Death of Major General John Sedgwick

sedgewick_main_pic[1]Major General John Sedgwick, known as “Uncle John,” to his troops, was shot and killed by a Confederate sharpshooter using a Whitworth rifle at a distance of about 500 yards.

The highest ranking Union officer to die on the battlefield during the Overland Campaign, Sedgwick commanded the VI Corps at Spotsylvania, and after his death General Wright took command.

Confederate sharpshooters had been harassing Union troops here the entire day, and the day before.  Lieutenant Colonel  Martin McMachon asked General Sedgwick not to go to this location, and Sedgewick replied that there was no reason for him to go here.  That same morning, sharpshooter had hit a staff officer, and had shot Brigadier General Morris off his horse.

But the constant activity demanded adjustment in the Union line, and unhappy with what he saw, Sedgwick moved up personally to direct the placement of the infantry alongside the battery.

As he directed troop placement, General Sedgwick, as was typical of commanders at this point in the war, made a point of not responding to distant enemy gunfire, and laughingly chided the soldiers who dodged when they heard the long shrill whistle of a Whitworth bolt cutting through the air.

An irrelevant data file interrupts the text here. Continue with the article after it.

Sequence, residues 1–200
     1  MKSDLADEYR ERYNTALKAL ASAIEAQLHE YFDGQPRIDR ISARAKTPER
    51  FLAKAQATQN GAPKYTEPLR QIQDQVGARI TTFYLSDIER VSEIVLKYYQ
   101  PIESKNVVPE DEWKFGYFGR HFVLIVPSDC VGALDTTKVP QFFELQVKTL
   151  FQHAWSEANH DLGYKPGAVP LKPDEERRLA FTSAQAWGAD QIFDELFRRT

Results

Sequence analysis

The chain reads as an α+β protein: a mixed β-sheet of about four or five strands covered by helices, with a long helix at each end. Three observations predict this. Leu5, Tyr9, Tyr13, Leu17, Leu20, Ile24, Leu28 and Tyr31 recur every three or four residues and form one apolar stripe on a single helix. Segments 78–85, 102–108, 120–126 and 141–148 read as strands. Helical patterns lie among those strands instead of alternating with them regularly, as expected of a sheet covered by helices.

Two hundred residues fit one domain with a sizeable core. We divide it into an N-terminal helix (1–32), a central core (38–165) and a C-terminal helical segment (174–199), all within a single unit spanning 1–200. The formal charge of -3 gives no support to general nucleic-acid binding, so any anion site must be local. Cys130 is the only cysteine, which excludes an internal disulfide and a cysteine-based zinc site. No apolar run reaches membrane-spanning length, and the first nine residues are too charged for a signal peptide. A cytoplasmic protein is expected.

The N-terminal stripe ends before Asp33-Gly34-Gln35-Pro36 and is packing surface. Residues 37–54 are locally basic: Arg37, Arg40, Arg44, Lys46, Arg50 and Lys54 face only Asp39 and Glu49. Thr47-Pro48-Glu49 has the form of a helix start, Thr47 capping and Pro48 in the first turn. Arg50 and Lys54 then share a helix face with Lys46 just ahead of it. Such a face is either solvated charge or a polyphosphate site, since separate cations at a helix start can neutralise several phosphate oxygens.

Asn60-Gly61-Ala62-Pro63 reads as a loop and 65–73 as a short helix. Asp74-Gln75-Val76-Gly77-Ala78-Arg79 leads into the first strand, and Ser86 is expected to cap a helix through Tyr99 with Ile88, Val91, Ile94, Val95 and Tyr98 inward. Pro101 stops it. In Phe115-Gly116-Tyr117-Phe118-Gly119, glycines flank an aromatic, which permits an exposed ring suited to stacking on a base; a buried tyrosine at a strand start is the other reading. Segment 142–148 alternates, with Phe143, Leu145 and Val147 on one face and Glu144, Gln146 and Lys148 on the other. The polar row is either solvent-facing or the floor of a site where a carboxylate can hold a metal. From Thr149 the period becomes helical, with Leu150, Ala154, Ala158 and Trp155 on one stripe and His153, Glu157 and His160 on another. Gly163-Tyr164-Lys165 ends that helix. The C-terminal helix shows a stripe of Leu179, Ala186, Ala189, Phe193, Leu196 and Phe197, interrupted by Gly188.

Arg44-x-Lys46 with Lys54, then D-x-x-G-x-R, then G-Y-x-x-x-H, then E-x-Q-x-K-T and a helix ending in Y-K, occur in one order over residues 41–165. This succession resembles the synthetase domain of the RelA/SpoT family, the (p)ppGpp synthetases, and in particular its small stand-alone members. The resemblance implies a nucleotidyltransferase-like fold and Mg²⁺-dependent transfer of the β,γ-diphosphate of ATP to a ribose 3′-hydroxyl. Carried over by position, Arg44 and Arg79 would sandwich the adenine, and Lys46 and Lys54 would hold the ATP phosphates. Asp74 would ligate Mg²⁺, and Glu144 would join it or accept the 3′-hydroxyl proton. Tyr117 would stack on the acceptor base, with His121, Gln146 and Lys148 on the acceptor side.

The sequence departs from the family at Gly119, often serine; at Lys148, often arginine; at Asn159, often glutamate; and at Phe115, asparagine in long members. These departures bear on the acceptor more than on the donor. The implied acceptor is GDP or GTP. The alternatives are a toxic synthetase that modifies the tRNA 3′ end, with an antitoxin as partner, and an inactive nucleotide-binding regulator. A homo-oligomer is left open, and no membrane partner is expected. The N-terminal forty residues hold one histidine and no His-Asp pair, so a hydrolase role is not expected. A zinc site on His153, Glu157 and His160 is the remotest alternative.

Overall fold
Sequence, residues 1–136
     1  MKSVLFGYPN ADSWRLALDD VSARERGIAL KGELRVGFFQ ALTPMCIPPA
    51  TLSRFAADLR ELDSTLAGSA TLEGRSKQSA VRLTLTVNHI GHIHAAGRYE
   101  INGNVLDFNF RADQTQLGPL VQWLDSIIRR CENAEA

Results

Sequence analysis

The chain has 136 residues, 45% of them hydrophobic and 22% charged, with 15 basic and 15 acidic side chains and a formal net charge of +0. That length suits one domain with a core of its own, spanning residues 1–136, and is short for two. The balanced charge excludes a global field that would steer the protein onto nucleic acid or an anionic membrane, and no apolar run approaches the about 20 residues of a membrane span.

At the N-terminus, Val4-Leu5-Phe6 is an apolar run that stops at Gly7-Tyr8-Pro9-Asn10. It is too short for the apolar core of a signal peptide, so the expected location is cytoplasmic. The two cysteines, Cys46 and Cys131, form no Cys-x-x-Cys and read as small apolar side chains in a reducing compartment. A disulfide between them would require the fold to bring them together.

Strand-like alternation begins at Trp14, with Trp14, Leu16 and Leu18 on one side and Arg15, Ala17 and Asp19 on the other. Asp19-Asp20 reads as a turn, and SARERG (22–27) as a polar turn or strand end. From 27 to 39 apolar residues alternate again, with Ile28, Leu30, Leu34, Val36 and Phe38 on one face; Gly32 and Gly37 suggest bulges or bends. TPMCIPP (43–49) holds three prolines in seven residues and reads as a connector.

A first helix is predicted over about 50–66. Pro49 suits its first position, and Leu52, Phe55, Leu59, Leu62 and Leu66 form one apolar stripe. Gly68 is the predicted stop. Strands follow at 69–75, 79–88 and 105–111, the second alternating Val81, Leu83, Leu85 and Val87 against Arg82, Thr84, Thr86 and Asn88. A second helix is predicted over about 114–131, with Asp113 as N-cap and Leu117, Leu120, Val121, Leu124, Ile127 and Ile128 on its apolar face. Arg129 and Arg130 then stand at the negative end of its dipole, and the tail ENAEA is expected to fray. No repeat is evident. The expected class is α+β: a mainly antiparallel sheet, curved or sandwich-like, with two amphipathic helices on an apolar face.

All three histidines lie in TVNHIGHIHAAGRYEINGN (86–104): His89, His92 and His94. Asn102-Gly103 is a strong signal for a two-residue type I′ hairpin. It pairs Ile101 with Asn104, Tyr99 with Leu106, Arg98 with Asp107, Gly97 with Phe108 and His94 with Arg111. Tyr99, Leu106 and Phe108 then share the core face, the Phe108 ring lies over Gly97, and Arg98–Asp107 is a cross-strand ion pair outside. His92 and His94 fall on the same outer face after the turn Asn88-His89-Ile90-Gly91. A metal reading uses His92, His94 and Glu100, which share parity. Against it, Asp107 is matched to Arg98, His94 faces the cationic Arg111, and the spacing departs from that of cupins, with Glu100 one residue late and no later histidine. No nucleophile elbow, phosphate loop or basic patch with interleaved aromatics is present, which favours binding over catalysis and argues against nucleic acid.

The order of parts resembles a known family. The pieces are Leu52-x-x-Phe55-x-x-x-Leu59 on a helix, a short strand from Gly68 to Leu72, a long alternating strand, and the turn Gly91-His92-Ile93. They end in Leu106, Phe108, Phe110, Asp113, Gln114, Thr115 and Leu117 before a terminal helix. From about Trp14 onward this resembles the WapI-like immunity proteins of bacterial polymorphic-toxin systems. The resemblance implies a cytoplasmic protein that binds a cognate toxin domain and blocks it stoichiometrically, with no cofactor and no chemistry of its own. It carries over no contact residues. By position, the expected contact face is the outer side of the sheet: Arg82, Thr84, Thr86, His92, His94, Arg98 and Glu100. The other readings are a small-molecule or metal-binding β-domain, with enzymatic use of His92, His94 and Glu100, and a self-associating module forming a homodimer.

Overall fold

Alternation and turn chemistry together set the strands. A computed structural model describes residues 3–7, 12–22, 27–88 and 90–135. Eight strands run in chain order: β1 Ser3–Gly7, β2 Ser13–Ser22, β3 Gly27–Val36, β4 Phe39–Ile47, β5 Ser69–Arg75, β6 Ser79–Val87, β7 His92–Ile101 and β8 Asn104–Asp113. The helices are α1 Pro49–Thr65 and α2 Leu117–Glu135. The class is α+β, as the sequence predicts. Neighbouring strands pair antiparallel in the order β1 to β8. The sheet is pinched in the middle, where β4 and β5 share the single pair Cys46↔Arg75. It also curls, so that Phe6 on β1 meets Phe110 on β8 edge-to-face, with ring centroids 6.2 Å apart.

“What!  What! men, dodging this way for single bullets!” said Sedgwick. “What will you do when they open fore along the whole line?  I am ashamed of you.  They couldn’t hit an elephant at this distance.”

A second Whitworth round whistled by, and a soldier spoke up and tole the general he believed in dodging, for he had once dodged a shell that would have taken his head off otherwise.  Good naturedly, Sedgwick told the man to take his position.

And now, the third shot from the .451 caliber Whitworth rifle came whistling in, as staff officer McMahon resumed talking to General Sedgwick.  According to McMahon, “For the third time the same shrill whistle, closing with a dull, heavy stroke.”

General Sedgwick began to fall, and McMahon tried to catch him, the two men falling together.  Blood spurted out from a wound just below General Sedgwick’s eye, on his left cheek.  Sedgwick died quickly, apparently still with a smile on his face, but his men, watching the scene, were incensed.  A need for revenge burned deep, and infantry patrols were sent out toward Laurel Hill to punish the sharpshooters, and a rifled artillery piece was turned upon them, but the Confederates simply melted back into the woods, and reappeared when the Union troops returned to their line.

While it isn’t known for sure which Confederate sharpshooter actually killed General Sedgwick, the most likely to me seems to be “Kansas Tom” Johnson, who himself died a few days later in battle. But the question has never been wholly resolved, partly due to the reluctance at the time for anyone to claim credit for it.

Major John Sedgwick was mourned by soldiers on both sides of the war, especially men who had served with him before in the old Army.  J.E.B. Stuart, about to be killed in action within a few days at Yellow Tavern, told a staffer that he would have gladly shared a blanket and his last crust of bread with him.

 

 

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